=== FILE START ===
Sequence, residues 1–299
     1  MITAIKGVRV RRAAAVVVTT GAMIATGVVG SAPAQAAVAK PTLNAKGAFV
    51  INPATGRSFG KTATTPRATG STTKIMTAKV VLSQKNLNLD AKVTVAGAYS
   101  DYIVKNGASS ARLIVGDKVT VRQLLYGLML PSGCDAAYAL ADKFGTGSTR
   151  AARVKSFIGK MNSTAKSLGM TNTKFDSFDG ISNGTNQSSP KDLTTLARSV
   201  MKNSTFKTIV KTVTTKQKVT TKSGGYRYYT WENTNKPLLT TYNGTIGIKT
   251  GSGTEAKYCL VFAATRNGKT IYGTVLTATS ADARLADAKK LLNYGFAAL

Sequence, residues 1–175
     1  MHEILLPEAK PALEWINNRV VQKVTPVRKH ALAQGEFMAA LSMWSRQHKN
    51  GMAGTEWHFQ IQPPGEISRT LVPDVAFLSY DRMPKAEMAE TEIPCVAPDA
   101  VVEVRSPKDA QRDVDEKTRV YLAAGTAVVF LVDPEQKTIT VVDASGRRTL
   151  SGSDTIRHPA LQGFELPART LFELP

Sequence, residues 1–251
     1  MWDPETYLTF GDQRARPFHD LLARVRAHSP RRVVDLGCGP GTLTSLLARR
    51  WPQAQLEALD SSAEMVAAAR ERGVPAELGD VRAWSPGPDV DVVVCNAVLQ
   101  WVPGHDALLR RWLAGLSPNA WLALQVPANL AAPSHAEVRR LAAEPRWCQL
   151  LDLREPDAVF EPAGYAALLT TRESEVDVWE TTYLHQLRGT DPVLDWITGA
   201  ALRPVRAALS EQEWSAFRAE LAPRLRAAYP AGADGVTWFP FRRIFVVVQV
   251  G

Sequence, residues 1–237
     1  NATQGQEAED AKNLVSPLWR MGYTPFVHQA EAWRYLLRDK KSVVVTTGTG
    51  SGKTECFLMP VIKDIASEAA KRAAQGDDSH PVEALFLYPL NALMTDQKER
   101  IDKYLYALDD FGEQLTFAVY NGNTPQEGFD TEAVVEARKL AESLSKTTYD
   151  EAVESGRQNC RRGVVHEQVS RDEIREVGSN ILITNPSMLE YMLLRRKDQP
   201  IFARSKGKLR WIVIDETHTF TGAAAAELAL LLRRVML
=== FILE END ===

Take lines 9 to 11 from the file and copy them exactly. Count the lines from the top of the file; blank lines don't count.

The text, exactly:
     1  MHEILLPEAK PALEWINNRV VQKVTPVRKH ALAQGEFMAA LSMWSRQHKN
    51  GMAGTEWHFQ IQPPGEISRT LVPDVAFLSY DRMPKAEMAE TEIPCVAPDA
   101  VVEVRSPKDA QRDVDEKTRV YLAAGTAVVF LVDPEQKTIT VVDASGRRTL